The Gay Activist Alliance’s trademark was the ‘zaps’. Zaps, were the demonstrations against politicians and the media. The typical zap consisted of GAA inundating the crowd at a political candidate’s rally or the office of a target with members of the GAA. Situated within the office or crowd, members of the GAA would bombard the politician with questions on gay issues attempting to make the politician take a stand on gay politics. First used in September 1969 Mayoral elections, though unsuccessful, showed the leadership of the future GAA that political activism was a viable means to bring homosexuals into the public realm.

      As membership grew with in the Gay Activist Alliance, divisions began to form. The most notables were the cultural reformers. They pushed for other activities such as activities that celebrate gay life and demonstrations against police harassment. The cultural reformers also pushed for social activities within the GAA, such as dances, which the leadership agreed to by also making the social events a politicizing activity.

      The Gay Activist Alliance’s biggest challenge came not so much from the politicians, but from the media. Since the media was generally considered apolitical, the need to convince people “that editors had moral responsibilities when it came to publishing writing that affected human rights, because of the inevitable political consequences such writings had; and that when they exhibited moral and political irresponsibility it was appropriate to respond politically.”But politicians were still the focus of the Gay Activist Alliance’s zaps. GAA would not publicly endorse any candidate, instead informing the gay community where each candidate stood on gay issues. If Gay Activist Alliance had one ally in the political scene it was Bella Abzug, who openly supported the Gay Activist Alliance’s initiative from the beginning and actively spoke for them in her campaigning.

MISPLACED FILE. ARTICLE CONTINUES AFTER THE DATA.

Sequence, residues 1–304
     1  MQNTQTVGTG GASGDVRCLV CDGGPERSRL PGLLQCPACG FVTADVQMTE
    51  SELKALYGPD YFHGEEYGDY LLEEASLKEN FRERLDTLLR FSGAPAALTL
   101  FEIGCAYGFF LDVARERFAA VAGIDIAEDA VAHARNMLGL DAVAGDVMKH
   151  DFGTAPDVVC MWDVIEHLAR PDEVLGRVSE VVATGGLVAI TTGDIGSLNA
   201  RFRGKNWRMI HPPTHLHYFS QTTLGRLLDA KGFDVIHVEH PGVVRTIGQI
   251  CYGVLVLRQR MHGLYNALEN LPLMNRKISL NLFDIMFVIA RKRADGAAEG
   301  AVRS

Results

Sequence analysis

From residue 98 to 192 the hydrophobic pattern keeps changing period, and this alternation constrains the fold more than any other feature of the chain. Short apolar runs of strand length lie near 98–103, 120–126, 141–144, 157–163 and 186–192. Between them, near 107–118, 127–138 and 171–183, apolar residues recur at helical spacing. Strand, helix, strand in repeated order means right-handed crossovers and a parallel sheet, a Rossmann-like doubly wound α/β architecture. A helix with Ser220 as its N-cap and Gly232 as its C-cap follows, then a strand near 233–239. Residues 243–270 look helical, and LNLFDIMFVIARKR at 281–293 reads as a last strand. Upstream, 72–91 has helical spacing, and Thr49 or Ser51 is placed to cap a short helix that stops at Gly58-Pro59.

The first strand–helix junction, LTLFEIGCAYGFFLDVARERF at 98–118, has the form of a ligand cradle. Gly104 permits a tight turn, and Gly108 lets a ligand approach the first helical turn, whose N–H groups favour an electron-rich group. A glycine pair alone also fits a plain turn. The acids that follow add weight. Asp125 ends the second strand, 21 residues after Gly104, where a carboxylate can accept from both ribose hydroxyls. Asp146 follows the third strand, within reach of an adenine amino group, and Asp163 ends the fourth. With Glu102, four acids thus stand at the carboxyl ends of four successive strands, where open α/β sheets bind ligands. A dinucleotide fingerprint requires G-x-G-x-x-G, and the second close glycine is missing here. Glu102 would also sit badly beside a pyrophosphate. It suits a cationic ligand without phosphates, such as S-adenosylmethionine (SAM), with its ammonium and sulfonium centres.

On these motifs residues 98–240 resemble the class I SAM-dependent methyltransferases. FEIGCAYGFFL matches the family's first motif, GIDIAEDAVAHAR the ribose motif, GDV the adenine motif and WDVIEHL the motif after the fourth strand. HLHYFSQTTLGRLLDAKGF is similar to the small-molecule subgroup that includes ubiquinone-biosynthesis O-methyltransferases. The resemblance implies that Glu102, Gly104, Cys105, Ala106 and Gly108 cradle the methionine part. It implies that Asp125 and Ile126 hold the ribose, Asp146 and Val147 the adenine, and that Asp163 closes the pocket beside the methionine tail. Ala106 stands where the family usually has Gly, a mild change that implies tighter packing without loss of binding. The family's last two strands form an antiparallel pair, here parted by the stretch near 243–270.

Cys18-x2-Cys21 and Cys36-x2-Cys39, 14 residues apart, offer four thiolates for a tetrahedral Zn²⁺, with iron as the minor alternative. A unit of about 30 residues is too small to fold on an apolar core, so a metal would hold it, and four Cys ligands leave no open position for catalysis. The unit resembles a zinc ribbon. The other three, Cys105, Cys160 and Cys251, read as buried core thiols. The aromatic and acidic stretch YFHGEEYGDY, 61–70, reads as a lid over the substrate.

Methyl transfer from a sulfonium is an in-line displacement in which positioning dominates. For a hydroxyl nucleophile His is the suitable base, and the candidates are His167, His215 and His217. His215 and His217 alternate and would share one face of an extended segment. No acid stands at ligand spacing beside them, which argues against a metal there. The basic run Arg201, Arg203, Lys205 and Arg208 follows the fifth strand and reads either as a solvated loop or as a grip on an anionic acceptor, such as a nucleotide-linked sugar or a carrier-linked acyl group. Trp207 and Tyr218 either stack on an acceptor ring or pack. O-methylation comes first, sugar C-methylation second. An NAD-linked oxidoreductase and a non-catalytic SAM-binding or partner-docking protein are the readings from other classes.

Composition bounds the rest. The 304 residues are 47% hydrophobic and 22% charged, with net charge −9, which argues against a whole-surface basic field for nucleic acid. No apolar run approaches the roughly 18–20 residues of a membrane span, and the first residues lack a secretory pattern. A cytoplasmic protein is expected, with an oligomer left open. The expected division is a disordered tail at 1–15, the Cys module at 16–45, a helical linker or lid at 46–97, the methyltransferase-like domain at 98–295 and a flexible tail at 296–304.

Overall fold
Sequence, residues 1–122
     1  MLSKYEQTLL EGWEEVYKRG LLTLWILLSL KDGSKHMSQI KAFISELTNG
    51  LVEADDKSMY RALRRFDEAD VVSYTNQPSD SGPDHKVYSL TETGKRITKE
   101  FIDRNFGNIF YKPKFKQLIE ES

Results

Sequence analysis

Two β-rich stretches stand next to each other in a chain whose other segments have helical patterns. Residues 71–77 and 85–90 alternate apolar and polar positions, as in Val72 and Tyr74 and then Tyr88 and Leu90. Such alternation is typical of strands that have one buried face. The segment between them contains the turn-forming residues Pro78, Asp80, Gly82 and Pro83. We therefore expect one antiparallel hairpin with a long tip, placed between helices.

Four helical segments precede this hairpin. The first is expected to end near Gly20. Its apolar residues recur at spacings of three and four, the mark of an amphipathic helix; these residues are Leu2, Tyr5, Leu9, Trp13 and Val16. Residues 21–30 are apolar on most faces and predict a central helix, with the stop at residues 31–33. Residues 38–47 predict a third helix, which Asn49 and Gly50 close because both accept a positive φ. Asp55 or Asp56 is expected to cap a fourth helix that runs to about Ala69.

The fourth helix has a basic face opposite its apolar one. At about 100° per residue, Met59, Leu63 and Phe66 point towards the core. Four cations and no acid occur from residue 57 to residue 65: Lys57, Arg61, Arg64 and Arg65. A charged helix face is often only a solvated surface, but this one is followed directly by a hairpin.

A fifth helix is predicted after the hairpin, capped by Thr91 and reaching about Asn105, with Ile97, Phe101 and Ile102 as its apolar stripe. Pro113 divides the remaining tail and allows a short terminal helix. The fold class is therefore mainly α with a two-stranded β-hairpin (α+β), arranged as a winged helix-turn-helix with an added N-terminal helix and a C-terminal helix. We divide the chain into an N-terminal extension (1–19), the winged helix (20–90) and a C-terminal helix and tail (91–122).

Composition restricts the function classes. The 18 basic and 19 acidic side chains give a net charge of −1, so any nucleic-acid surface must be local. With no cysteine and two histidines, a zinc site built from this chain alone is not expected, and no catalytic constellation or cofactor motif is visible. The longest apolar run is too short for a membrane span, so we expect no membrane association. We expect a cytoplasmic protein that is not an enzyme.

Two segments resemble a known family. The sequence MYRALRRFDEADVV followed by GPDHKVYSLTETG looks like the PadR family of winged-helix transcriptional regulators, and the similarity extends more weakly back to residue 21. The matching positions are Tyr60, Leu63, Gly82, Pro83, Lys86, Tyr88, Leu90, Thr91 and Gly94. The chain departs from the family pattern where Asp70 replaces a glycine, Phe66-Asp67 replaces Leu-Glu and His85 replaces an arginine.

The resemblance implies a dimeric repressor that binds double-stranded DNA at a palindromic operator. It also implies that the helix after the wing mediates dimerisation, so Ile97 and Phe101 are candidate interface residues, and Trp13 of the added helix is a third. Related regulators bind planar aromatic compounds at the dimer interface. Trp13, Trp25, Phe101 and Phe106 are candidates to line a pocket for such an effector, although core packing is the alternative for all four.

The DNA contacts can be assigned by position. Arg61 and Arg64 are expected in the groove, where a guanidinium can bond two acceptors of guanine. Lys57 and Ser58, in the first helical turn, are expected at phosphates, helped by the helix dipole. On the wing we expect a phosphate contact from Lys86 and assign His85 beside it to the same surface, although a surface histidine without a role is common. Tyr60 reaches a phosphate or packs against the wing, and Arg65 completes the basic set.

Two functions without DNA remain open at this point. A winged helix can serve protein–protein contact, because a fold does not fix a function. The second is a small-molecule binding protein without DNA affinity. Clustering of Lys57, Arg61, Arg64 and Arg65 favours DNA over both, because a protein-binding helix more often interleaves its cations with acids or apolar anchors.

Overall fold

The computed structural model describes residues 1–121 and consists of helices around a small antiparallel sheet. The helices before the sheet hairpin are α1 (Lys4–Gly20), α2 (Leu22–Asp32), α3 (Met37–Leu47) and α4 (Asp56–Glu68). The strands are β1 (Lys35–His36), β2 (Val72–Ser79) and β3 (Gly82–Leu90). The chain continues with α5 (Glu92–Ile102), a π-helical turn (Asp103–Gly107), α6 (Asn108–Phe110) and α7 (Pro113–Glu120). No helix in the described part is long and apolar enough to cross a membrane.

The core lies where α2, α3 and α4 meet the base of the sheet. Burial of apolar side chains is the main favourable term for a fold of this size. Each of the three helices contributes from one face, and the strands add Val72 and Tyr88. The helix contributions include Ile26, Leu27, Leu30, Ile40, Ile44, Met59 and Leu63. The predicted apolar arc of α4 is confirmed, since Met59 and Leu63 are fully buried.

Zaps had a special advantage in the movement. GAA members could hide in the crowd of a political rally waiting for the question and answer segment, and then bombard the candidate with questions of gay rights, forcing them to answer on record their views. In the first zap, while still in the Gay Liberation Front, the activist decided to zap the New York Post, for running an article that was demeaning to Gays.

      New York Mayor John Lindsay would be the repeated target of Gay Activist Alliance zaps. GAA demanded Lindsay take a stand on gay issues, including an end to police harassment of gays and job discrimination. Gay Activist Alliance activist tended to pop up in the crowd whenever Mayor Lindsay appeared and bombarded him with questions. Lindsay initially refused to meet with representatives of Gay Activist Alliance, delegating that responsibility to the Deputy Mayor.

      Gubernatorial candidates were next on the Gay Activist Alliance zap agenda. Arthur Goldberg, not having made any stand on the gay issues became Gay Activist Alliance’s primary target. On a walking tour, Gay Activist Alliance members flock to him, posing questions after questions. Goldberg’s response was merely “ I have more important things to talk about.” But every hand that Goldberg reached out to shake was a Gay Activist Alliance who prompted him to make a stand. Goldberg, frustrated, but not willing to make a comment, before leaving the area, reached out to a woman’s hand in a final attempt to find non-homosexuals. He grabbed Kay Tobin’s hand. She greeted him by asking him if he had “any comment to the Gay Press.” Goldberg then retreated back to his car by the only safe route, “shaking the hands of children” Arthur Goldberg, had within a short span of time alienated one tenth of his constituency.